NAUGATUCK — Borough educators received some financial assistance in bringing their program ideas to life.
The Naugatuck Education Foundation presented six grants totaling $19,000 to six groups of educators during a grants awards ceremony April 25. The grants are used to pay for education initiatives not funded in the school budget.
Naugatuck Education Foundation Chairman Matt Fortney said the money goes beyond helping just those involved with the schools.
“Having students and having members of our community that are better educated benefits everyone,” Fortney said. “It helps all the employers in town because you have a better educated workforce. It helps all the community organizations because when you have better folks they tend to be more involved in things. So it helps everyone.”
Hillside Intermediate School reading specialist Carolyn Mucci received $4,200 for the Moving Beyond Book Reports: Book Trailers program. The money will be used to purchase eight miniature iPads to create book trailers.
Lt. Col. Valerie Lofland and Master Sgt. Gary Morrone of the Naugatuck High School JROTC program received $2,280 to purchase a flight simulator program.
Lofland said the simulators will help students in the program better understand the mechanics of flight and prepare them to continue their aeronautical education.
Hillside teachers Maureen Greene and Karie Stango received a $1,405 grant to buy Chromebooks and iPads and install “technology math stations” in class.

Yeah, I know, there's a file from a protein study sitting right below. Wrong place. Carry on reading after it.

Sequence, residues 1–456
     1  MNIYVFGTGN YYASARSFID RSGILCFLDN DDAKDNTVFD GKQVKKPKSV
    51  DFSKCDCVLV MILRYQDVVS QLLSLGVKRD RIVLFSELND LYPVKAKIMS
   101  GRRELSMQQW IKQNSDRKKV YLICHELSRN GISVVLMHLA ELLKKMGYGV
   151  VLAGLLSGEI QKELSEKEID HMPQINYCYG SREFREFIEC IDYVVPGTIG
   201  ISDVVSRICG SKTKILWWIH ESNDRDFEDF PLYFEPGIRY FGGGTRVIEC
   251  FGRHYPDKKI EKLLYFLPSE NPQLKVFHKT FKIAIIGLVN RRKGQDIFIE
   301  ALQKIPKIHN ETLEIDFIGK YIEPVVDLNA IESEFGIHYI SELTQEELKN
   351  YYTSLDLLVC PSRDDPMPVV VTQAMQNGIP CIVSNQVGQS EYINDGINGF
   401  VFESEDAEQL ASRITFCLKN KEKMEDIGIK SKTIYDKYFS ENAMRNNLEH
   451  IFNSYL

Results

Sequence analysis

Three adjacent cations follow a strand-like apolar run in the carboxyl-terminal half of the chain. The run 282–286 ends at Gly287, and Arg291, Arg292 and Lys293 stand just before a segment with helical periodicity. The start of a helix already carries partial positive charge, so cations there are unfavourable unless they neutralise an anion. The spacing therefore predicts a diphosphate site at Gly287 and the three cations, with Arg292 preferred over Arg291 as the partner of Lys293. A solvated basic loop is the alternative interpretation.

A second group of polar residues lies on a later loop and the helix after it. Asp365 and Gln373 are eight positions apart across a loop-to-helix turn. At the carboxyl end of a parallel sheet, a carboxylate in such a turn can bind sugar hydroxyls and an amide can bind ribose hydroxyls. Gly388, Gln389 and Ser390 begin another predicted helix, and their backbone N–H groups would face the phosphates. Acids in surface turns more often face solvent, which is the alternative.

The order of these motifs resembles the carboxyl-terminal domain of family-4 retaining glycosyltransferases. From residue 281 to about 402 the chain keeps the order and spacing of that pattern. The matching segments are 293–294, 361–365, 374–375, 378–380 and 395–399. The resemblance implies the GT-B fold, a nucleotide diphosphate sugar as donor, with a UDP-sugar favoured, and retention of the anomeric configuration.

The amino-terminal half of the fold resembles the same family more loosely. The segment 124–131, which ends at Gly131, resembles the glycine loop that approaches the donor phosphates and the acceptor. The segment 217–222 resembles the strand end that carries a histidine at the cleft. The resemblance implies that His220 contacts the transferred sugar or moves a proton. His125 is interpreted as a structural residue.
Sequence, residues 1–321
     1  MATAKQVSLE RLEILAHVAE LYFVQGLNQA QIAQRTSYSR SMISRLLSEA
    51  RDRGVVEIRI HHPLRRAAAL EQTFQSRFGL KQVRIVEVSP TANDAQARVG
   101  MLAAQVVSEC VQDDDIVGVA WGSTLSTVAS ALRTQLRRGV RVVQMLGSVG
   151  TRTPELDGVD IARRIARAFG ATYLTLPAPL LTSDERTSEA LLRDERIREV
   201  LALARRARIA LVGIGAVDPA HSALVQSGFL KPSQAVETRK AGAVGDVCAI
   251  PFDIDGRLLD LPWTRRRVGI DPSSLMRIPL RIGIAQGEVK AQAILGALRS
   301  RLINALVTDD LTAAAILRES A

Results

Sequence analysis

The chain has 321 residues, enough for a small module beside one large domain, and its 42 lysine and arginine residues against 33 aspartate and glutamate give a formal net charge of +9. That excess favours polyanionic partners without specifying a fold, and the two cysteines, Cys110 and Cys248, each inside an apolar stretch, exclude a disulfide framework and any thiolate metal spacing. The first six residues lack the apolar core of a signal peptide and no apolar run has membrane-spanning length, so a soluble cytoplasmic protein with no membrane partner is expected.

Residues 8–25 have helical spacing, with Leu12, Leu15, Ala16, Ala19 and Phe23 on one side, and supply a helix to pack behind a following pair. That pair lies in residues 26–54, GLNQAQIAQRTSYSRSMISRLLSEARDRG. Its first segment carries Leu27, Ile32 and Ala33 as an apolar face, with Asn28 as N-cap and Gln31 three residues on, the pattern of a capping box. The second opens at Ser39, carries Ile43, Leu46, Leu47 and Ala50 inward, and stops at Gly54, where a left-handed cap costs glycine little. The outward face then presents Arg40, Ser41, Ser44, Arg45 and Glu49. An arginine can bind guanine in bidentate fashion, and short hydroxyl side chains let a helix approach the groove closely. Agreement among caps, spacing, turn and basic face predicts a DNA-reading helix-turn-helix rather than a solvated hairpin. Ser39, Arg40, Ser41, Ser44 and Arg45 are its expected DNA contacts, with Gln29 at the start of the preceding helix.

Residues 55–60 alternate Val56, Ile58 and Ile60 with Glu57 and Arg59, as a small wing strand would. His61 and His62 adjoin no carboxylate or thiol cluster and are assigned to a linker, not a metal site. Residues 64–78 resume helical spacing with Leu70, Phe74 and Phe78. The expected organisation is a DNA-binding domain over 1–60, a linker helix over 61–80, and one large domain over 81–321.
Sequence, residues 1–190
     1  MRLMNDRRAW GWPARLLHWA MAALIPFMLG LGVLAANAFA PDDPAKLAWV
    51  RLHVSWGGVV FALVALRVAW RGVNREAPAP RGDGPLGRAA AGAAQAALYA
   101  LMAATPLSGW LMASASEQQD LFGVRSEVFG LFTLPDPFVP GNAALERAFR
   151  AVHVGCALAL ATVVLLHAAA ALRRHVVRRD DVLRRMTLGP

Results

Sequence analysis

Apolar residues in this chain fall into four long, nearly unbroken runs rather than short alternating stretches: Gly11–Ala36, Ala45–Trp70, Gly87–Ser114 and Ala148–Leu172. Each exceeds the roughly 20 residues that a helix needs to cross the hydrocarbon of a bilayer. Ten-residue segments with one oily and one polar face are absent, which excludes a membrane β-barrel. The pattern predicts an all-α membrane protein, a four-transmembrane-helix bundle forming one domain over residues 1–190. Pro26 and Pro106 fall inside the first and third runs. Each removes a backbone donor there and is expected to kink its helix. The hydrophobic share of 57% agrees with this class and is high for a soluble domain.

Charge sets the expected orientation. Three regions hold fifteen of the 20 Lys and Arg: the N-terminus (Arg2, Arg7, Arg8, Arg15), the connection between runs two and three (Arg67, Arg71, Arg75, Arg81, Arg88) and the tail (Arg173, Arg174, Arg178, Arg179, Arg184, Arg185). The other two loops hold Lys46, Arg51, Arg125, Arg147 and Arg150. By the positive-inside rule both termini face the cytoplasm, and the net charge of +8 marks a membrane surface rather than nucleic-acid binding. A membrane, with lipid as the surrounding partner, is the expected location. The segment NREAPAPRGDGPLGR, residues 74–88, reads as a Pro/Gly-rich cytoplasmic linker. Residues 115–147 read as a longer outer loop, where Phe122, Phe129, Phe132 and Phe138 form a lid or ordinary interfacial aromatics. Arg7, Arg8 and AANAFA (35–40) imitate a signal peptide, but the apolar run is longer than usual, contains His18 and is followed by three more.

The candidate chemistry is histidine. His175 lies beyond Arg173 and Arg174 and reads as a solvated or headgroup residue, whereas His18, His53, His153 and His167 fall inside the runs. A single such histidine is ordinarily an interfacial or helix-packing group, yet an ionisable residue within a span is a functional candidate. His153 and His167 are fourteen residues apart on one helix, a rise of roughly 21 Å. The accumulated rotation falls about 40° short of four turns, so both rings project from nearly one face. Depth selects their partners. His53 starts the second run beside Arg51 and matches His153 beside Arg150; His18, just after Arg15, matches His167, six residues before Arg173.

“It’s like a dream come true because I always dreamed of having a technology station for my classroom,” Stango said.
Stango said the classroom currently has a variety of stations, such as a math through literature station, a hands-on station and a test review station.
“I always wanted a technology station. The kids are going to be so excited,” Stango said.
Stango said she would like to bring in students from Salem Elementary School to work with the technology stations so they can get familiar with them. She hopes to have the stations up and running during this school year.
Teacher Alison Stephens received $1,824 to start a Seaperch Robotics After School Club at City Hill Middle School.
According to the foundation, Seaperch Robotics is an engineering program sponsored by the Office of Naval Research. The aim of the club is to immerse students in science, technology, engineering and math while building an underwater remotely operated vehicle from scratch.
Teachers Roberta Buckmiller, Sean Dunn, Lisa Green and Tony Loomis got $5,561 to buy heart-rate monitors for Naugatuck High School physical education classes. The monitors will sync to iPads and provide same-time data on the time and quality of cardiovascular exercise.
“One of the most important concepts we teach in physical education is the target heart rate zone,” Loomis said. “What the heart rate monitors are going to enable us to do and our students to do is track that during physical education. Not only track it but download it and document what’s going on with our kid’s hearts. It’s a window into their hearts.”
Loomis said that as the students leave their physical education class they will receive a text message of what their heart did, how often they were in the target heart rate zone, and if they were ever below or above it during their exercise.
Salem teacher Deborah Wilson received a grant for $3,070 to expand her before school reading program at Salem. The program allows students to make video book reports about books they have read. The grant will allow her to purchase more iPads for the program.
This is the third year the foundation has awarded grants. The amount it has given has increased every year. The first year the foundation awarded $2,000 in grants and last year it gave $10,000 in grants. Fortney said the reason the foundation was able to award so much this year was due in part to the numerous community sponsors that donated.